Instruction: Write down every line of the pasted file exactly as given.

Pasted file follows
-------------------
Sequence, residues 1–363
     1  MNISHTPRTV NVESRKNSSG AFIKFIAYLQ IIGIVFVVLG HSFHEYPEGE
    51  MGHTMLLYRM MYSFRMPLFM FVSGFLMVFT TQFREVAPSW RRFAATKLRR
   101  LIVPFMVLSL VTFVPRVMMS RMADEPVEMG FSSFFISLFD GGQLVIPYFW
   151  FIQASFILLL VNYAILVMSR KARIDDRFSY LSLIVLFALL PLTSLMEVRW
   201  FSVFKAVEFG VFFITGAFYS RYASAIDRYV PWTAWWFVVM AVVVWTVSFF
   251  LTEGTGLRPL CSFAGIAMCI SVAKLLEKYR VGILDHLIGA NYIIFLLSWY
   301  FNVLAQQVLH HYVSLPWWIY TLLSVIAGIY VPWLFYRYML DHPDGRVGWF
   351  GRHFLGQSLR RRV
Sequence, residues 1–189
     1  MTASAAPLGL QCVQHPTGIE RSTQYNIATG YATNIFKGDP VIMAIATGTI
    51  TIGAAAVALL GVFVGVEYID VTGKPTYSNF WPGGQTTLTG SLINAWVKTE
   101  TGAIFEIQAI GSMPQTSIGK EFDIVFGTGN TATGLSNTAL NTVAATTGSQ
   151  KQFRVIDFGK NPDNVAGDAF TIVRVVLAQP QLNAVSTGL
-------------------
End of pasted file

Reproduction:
Sequence, residues 1–363
     1  MNISHTPRTV NVESRKNSSG AFIKFIAYLQ IIGIVFVVLG HSFHEYPEGE
    51  MGHTMLLYRM MYSFRMPLFM FVSGFLMVFT TQFREVAPSW RRFAATKLRR
   101  LIVPFMVLSL VTFVPRVMMS RMADEPVEMG FSSFFISLFD GGQLVIPYFW
   151  FIQASFILLL VNYAILVMSR KARIDDRFSY LSLIVLFALL PLTSLMEVRW
   201  FSVFKAVEFG VFFITGAFYS RYASAIDRYV PWTAWWFVVM AVVVWTVSFF
   251  LTEGTGLRPL CSFAGIAMCI SVAKLLEKYR VGILDHLIGA NYIIFLLSWY
   301  FNVLAQQVLH HYVSLPWWIY TLLSVIAGIY VPWLFYRYML DHPDGRVGWF
   351  GRHFLGQSLR RRV
Sequence, residues 1–189
     1  MTASAAPLGL QCVQHPTGIE RSTQYNIATG YATNIFKGDP VIMAIATGTI
    51  TIGAAAVALL GVFVGVEYID VTGKPTYSNF WPGGQTTLTG SLINAWVKTE
   101  TGAIFEIQAI GSMPQTSIGK EFDIVFGTGN TATGLSNTAL NTVAATTGSQ
   151  KQFRVIDFGK NPDNVAGDAF TIVRVVLAQP QLNAVSTGL